After departing Singapore, the flight to Bangkok’s smaller Don Muang airport was rather uneventful. I sailed through customs, exchanged money while waiting for my bag, and then shuffled over to the taxi queue with my belongings. The first taxi wanted to negotiate a price, rather than use the meter. The first—and best—advice I’ve ever received about Thailand (and Bangkok, in particular) is to always use the meter. You don’t know what the price should be, as a newcomer, so trust the meter, not your bargaining skills.
I got in the 2nd cab, we started driving, and he informed me that I had to pay for the tolls on the highway to the downtown area. No worries. Then, he started talking about prices. “No price. Only meter.” We went a few rounds on this theme, until I finally said, “I pay meter. Only meter. Pay meter number.” After guiding him to my hostel, the meter read 210 Baht—about $6. At this point, he starts saying something about 1,000 Baht. Yeah, right!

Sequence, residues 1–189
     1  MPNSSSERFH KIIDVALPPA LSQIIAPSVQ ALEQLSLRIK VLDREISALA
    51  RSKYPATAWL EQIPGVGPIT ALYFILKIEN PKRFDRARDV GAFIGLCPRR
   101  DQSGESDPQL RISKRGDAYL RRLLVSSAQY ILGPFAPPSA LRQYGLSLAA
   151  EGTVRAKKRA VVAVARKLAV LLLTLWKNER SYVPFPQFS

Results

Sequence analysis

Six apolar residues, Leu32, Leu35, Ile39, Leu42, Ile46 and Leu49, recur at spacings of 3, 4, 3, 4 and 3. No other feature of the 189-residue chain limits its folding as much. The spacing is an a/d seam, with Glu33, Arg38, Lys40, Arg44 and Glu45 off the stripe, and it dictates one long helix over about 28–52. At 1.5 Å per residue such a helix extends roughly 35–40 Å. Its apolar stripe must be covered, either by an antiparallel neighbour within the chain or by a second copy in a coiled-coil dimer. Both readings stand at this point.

After the disaster with my bags being held hostage in Nicaragua, I’ve learned to always have my stuff with me inside the taxi, NEVER in the trunk or where I can’t reach them. I grabbed my stuff, gave him 210 Baht, and got out. He stayed outside yelling, so I figured that I’d grab the employee to help translate. WRONG. She spoke about as much English as I speak Thai (hello, goodbye, and thank you), so it wasn’t much help. I drew some pictures of a taxi, a meter, an airplane, and then 210 / 1,000. She came outside to help, but them talking in Thai didn’t help me explain my side at all. Eventually, I gave the guy a 20 Baht tip/go away fee, felt that was sufficient, and went inside the hostel. I’d checked in during the explanation, and I just went to my room and decided the matter was closed.